the first CRAWNK, and understood it quite as well as
the ravens themselves did ; and before the black
company had half satisfied their hunger, he '
the feathers fly ' far worse than the blundering young
shooter does, for he charged right into the middle of
them with a savage snarl and a snap on both sides
of him. And indeed, it was said that old Greyhead
being slow by reason of his age, the wolf actually
tore one of his best tail feathers out by the roots.

Anyhow, when the ravens, after being thus rudely

disturbed at their own proper feast, had settled

down upon the nearest trees and began to remon-

strate, as they did, and surely had a right to do, old
Grizzly made matters worse by being horribly
abusive. He called the respectable old Greyhead a
'thieving purloining old rascal.' 'What business
had he to come there, right into his very larder,
where he had been keeping his venison for a week
till it was fit for a gentleman's table, and to set his

foul crew pulling it to pieces with their dirty claws

and nasty beaks ? You are a thundering old repro-

bate,' he finished, '

and if I ever catch you in my
preserves, I'll nip your old head off.'

Well, no raven with any self-respect could put up

with insulting language of this kind, and especially
when he had been wronged before being insulted.
So, as you may imagine, the venerable Mr. Raven
wasn't too particular a well-wisher to the redoubtable
Wolfwald. But Jack knew all about this very well ;

and he thought he could work it so that it would

help him to circumvent the old wolf finely. So he
told the raven as much of his plans as would con-
vince him that no good was meant to that blackguard
of a wolf that had insulted him and in the uttering ;

of a croak he agreed to do whatever Jack wanted

of him.
What Jack wanted him to do was to go and get
speech with old Grizzly, and tell him he was very
sorry at that little misunderstanding they had had
a bit ago ; and that he felt that he had been in the
wrong in not coming to tell Wolfwald about the
dead stags, instead of beginning his own dinner
upon them, and suffering his companions to be as
greedy as himself And to prove how sincere he
was, he had flown all the way over to let his wolf-
highness know there was a savoury wild boar, very
well kept, indeed quite gamy, lying at this present

moment not so very far from the Westerdale Wolf-

dale ; but that all the wolves there were frightened
out of their wits almost, because the shepherds and

farmers all about were training their shepherd dogs

to worry old stuffed wolf-skins. And in order to
confirm his words, the Raven was to take one of the
boar's eyes and a bit out of the juiciest part of the
tongue, just for Grizzly to taste.
That old beast's ears were still precious sore, as
was likely ; and he was in point of fact rather

hungry, not having cared to go much among the

bushes and trees these last two days ; and he
thought the boar-meat first-rate ; and besides that,

he wanted to be even with those miserable farmers

and, shepherds, sending for Jack first, and then
training their wretched curs to bite and mangle
even dead wolves' skins. And over and above all

else, he did want to be upsides with that insulting

little jackanapes, who had made holes through his
ears first, him by promising to
and then laughed at

put rings in them if he caught him there again.

I'll teach him,' he growled and the Raven felt ;

pretty sure his part in the plot would work. But to

make quite sure, he said, as insinuatingly as he could
— and a raven, with his head on one side, and his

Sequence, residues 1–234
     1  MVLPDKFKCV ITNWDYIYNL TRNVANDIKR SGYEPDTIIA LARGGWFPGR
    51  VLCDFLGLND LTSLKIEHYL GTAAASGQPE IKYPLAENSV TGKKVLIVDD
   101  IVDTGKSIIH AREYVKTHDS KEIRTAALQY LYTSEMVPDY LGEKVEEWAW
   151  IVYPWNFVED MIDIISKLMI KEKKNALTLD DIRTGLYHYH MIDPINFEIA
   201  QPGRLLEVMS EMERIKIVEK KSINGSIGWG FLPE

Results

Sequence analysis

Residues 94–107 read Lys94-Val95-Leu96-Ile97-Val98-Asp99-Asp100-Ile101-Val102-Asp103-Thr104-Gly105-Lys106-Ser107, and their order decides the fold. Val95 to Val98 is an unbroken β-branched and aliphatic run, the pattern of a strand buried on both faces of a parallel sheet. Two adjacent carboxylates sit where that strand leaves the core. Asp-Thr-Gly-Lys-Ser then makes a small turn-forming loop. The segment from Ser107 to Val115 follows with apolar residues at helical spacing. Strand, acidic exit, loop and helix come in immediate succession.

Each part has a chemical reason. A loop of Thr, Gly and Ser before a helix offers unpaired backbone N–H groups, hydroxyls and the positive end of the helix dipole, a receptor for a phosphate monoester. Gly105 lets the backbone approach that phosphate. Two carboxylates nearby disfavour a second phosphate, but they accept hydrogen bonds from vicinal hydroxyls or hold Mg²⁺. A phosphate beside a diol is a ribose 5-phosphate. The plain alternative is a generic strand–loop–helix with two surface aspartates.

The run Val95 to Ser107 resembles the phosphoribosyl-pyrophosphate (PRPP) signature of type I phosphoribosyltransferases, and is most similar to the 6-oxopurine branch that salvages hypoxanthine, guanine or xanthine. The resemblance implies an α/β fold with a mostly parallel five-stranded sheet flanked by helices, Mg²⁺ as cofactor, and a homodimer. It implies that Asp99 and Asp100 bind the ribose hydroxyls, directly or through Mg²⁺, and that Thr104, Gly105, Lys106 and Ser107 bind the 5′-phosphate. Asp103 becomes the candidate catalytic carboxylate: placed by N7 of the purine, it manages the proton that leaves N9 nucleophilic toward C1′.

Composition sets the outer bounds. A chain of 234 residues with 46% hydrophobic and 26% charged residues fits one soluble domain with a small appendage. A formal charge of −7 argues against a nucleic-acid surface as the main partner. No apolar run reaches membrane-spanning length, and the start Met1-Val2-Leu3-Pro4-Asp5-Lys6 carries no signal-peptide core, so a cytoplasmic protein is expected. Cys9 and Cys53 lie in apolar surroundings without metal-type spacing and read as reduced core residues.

eye cunningly cocked, can be very insinuating, you
know — My * particular little friend. Jack, who let the
crag down, with half a dozen of my old nests upon
it, and part of my this year's nest as well — though
I never said anything to him about it ; I scorned
the dirty trick too much — he will be there, I'm told :

and when you get there, too, with all the army of
' .


wolves you can raise, and the miserable curs run

away at the very sight of you, and the shepherds
and farmers after them as hard as they can pelt, and
little Jack, who can't run fast with his little short
legs, gets left behind, and you catch him —you won't
hurt him, now, will you ?

All I can say is that, when the wolf heard that,

he didn't look quite as amiable as he would have
tried to do, if he had been sitting for his photograph,
and the artist had just told him to '
look as pleasant
as he could.'

So the Raven flew back to Jack, for he knew

very well where to find him, only stopping by the
way to get a nice mouthful or two from the tenderest
part of the boar, and told his ally all that had taken
place. Jack felt quite sure all would go straight
now ; and only telling the friendly Raven to keep
a sharp look-out for Wolfwald, and to keep him.
Jack, well posted up with all his sayings and doings
—which was child's play to such an experienced
and wide-awake old bird as he was — he just set to
to put the finishing touch to his own plans. He
got his fifteen pigs — for one of the sixteen brought
to him had no tail, and therefore would not do for
his purpose — all nicely tethered, each at the foot of
a tree with spreading boughs, and with a jolly good
feed of potatoes and barley-meal, and other little

matters that pigs, properly brought up, are known

to like, just to keep them quiet till the moment

came when he wanted them all to squeal together

(as loud as pigs, both terrified and hurt, possibly

could). And this was the way he was going to

manage it, as soon as the Raven came and told him
it was time to act. He had tied a strong bit of the
cord he had told the farmers to provide to each
little pig's tail, long enough to go over the lowest
horizontal bough of the tree above, and hang down
a yard or two on the other side. To the other end
of each several string he tied a stone weighing two
or three pounds. These stones he balanced nicely,